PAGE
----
This thread is not about the right or wrong of abortion, nor of the Lisbon Treaty, nor anything other than a commentary about a pathetic and peculiar characteristic appallingly common in Ireland - the 'We'll do anything to make you like us' gene. It is particularly prevalent among politicians and leading media outlets. I am truly intrigued as to where the hell this craven, subservient, pathetic mentality came from, and why it is so prevalent in Ireland, particularly in Irish public life.
I have watched over the last few days as poster after poster, politician after politician, and media outlet after media outlet, have been busily engaging in the equivalent of saying 'ah, the neighbours think we're wrong, how do we get their approval again?'. I've watched again and again as people have put up links to headlines outrageosly describing Ireland as a 'murderer' in trash Indian tabloids and sub-Fox News videos of ridiculous Indian 'news programmes' (I've watched Indian news channels many times in the past, they're childishly awful) working themselves up into a fact-free state of hysteria. These people then say 'Look! They don't like us! We must act to get them to like us again!' even on the basis of utter morons talking ill-founded crap without any reference to the actual facts of the situation.
Even a pro-choicer would agree with me about what I say next. The abject spinelessness of some of our 'leadership' has been utterly galling to watch. Had an irish woman died in these circumstances, it'd be on the news, but maybe fourth item down, and the government would kick the issue to touch and no more would be said about it. But because it is someone from abroad, and because people abroad are taking an interest, all of a sudden the politicians are running to meetings with ambassadors, and ordering multiple enquiries, and urging reform. Several who had refused to legislate or had argued against it are now blowing in the win, checking which way opinion is going and adhusting their principles accordingly. This is pathetic beyond words.
It is not just about abortion either. When Lisbon was rejected, we had politicians virtually running to Europe to apologize for the will of the Irish people being expressed, and assuring them that the will of the people wouldn't be allowed to stand. Eamon Gilmore was saying that the will of the people should be respected publicly, then went around privately assuring foreigners that it wouldn't be. The Irish government acted as if it was representing EU interests in Ireland, not Irish interests at the EU. I have never seen a national government come so close to apologizing for the will of its own people!!!! The level of hand-wringing in the media and by politicians on the basis of criticism by some in Europe (mostly pro-integration idealogues and elite politicians) was astonishing to behold.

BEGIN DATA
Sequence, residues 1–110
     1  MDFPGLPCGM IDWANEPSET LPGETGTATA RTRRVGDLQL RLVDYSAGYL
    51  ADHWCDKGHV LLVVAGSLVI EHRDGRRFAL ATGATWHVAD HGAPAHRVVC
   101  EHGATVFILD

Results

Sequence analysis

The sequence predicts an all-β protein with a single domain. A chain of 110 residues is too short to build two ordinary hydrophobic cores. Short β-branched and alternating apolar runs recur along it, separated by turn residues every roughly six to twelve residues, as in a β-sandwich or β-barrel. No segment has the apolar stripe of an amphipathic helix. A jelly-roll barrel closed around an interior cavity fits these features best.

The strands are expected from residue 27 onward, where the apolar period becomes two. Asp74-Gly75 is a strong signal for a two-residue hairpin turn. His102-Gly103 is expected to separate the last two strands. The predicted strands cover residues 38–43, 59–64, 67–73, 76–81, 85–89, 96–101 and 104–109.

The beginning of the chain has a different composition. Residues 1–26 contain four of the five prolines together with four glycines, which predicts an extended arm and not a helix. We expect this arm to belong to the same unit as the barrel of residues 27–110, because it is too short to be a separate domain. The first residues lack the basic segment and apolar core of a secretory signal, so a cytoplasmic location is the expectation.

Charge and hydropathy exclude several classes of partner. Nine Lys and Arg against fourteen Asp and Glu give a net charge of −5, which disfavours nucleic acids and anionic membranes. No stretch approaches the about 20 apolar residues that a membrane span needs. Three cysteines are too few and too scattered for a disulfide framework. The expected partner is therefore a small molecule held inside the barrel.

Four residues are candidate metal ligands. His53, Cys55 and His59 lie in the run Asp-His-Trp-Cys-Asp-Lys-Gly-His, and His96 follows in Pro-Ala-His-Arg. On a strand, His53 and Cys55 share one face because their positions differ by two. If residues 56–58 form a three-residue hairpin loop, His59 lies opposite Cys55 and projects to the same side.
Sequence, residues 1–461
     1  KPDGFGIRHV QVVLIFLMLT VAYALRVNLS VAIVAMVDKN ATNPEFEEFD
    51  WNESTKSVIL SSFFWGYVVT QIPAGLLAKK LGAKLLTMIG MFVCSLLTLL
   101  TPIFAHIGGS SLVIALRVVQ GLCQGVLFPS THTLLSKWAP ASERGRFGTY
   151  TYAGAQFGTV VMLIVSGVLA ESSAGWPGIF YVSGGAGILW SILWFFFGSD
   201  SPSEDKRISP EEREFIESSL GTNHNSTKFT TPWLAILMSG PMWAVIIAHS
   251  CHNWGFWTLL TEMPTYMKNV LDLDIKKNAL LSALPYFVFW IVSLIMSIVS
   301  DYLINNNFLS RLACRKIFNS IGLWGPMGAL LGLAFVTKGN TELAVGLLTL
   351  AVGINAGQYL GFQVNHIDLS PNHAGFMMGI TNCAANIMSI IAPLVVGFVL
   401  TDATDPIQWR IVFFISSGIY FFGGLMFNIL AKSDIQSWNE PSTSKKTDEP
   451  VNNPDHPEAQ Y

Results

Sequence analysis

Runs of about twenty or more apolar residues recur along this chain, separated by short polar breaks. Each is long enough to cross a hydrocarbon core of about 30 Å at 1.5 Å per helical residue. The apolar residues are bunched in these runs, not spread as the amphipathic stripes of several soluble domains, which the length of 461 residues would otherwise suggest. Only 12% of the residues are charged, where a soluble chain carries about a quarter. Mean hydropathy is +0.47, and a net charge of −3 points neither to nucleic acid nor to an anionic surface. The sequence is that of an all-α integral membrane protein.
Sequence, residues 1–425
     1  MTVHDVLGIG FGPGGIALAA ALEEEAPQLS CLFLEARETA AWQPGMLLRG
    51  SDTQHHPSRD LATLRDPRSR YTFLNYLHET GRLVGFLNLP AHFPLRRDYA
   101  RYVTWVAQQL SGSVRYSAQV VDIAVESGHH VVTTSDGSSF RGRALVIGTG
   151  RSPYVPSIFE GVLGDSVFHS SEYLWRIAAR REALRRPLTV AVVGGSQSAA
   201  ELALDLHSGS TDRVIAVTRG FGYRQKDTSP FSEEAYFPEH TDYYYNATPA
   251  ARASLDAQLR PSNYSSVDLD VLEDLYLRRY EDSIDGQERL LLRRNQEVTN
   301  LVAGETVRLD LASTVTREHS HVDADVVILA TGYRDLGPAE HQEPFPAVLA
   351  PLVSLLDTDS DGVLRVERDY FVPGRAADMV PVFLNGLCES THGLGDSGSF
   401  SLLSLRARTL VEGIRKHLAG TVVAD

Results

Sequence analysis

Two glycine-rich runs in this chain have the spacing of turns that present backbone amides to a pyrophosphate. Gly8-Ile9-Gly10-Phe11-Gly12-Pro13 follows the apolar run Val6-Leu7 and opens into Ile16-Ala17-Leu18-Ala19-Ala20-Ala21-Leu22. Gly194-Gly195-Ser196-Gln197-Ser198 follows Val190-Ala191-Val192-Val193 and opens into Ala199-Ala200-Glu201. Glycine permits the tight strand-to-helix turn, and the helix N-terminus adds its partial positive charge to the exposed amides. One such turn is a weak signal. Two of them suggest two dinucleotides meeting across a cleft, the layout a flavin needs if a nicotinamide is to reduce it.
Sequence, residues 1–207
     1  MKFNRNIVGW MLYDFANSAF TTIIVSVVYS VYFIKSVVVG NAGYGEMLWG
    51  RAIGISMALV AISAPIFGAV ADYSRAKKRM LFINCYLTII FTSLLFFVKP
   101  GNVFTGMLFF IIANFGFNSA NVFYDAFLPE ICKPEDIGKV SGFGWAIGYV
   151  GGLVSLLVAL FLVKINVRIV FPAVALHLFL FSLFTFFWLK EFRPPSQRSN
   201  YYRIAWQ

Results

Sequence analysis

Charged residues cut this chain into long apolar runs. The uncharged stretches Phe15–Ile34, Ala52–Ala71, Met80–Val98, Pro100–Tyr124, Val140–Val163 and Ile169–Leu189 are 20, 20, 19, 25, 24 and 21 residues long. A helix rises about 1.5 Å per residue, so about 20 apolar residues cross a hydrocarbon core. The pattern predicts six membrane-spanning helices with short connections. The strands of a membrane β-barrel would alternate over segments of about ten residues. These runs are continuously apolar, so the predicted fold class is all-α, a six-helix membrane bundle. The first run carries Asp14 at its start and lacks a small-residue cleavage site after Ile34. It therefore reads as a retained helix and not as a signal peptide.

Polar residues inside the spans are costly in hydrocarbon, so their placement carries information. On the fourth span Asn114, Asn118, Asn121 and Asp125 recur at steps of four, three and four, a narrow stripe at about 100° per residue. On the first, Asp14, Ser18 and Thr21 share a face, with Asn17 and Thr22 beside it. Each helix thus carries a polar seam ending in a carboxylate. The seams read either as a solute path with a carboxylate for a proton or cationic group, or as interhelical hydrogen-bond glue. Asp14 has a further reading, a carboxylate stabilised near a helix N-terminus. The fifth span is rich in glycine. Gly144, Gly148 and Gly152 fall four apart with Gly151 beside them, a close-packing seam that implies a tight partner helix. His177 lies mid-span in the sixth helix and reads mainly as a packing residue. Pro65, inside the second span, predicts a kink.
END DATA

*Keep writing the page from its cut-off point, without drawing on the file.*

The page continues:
The attitude was most evident in the 'burn the bondholders' debate, in that there wasn't a debate at all - it was automatically assumed that we must pay all our debts to outsiders regardless of the amount of destruction and pain it causes for Ireland. I'm not even arguing that the decision was ultimately wrong (I think it is probably an unsustainable policy) but I'm saying that the old craven mentality was paramount in the thinking behind the decision more than anything else.
When foreign investors come here they are treated like gods arrived among us. Unless they are returned Irish emigrants, in which case they are fit only to be fleeced or put through hell if they don't 'play the game'. Foreign tourists are welcome here, but returned emigrants are treated with suspicion or envy.
Turn on the Late Late Show many weeks and there are pop stars, Hollywood celebrities and the like, all being asked do they like Ireland in a way which suggests that we are desperate for validation - 'Please like us! Please patronize us, we like that!'
Do they have a backbone at all? Where does this national inferioirity complex come from? This idea that because we now and again do something differently from others we MUST be wrong?
I'm really intrigued to know. I never had much time for Éamon de Valera, but he was at least a statesman who would actually be pretty confident on the world stage and stand up for what he perceived (rightly or wrongly) to be Irish interests. What we have now is a so-called 'leadership' which involves running around the world begging and crawling, with an infallible metropolitan liberal belief that outsiders are inherently superior. Do you think that de Valera would have achieved any respect, however grudging, from Winston Churchill if he had handed over the ports and signed Ireland up to war as Churchill wanted? Yet I suspect that our current 'betters' would have done just that, anxious to achieve the favourable judgment of others, no matter how detrimental the cost to us.
You get no respect from anyone when you are so pathetic and subservient, no more than an employee who behaves like a doormat for his bosses rather than standing up for his interests, nor a spouse who lets him- or herself be treated like crap.
Please explain this attitude to me, I really want to understand why the British, the French, the Indians, the Germans, th Americans, virtually everyone else, will automatically defend themselves from outside criticism or stand up for their own perceived interests, yet we crawl along cravenly seeking outside approval and for others to like us. Why are we, particularly politicians and the liberal media elite, so desperate for approval from those who will look after their own interests robustly, quite in contrast to us???
In short, what the hell is wrong with the prevalent Irish mentality, particularly among politicians and journalists, that they feel the need to go begging and crawling for validation from outside?
Cue the abuse for pointing out the truth....